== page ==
“We have achieved so much that sometimes I sit back and don’t know what to say because God has given above and beyond what we could ever have dreamed,” says Emily.

“It was really tough for days, weeks, months and years, but we now call it a stroke of luck because of where we are.”

As a dual citizen of Kenya and Australia, she has never forgotten where she came from and seeks to build the first accessible respite home in Kenya for children with disability.

“We continue to give to girls in Kenya. We make sure the girls have sanitary towels, panties and bras, we want them to feel beautiful from the inside out with trying to stop FGM. I am the first girl in my family not to go through female genital mutilation (FGM) and I would like that to continue because so many girls in Kenya still go through the practise,” she says.

Emily still suffers from the effects of the stroke today, such as cognitive fatigue, but she uses strategies from her psychologist to deal with it.

“Cognitive fatigue can affect you instantly, but you also can feel it coming; so if I have had a long week, I can feel it coming, and my husband knows as well, and that is when we turn my phone off and I rest, staying in a dark room.

I still suffer from heightened sensory on my right side where I was paralysed. I do not have much feeling, but when the pain comes it is sharp, so even just a material of something I am wearing could really hurt. There is nothing we can do about that and I just have to talk to myself that it is just sensory. I still have a few effects, but I can manage, I have strategies from my treatment,” she says.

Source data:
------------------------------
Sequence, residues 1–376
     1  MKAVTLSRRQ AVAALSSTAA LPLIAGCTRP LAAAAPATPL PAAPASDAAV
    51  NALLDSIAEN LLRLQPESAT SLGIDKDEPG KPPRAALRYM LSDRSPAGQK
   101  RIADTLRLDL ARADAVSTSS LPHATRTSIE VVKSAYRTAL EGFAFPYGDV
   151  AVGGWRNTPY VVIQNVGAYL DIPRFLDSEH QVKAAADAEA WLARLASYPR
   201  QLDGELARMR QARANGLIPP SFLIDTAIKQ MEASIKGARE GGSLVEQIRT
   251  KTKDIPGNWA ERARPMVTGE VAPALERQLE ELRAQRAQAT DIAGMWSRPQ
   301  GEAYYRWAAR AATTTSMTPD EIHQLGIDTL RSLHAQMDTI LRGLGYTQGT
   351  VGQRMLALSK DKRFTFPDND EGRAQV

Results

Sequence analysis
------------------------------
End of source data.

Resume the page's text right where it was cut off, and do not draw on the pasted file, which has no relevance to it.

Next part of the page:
Emily has now documented her entire journey in a book, Against All Odds, in a colourful launch in Australia, and will also be launched in Kenya.

“The launch of the book will be on December 3, the International Day of Disabled Persons, and I am so excited that I am able to do this in Kenya. We will let everyone know more as time goes, but we are launching in Kenya in December,” she says.

With such a colourful life already, how would Emily like to be remembered?

“Oh my gosh, that is a big question,” she says. “I really want to be remembered as someone who came from nothing, got something and continued to fight for the most vulnerable people in our community. That Emily continues to give voice to the voiceless. That is how I want to be remembered.”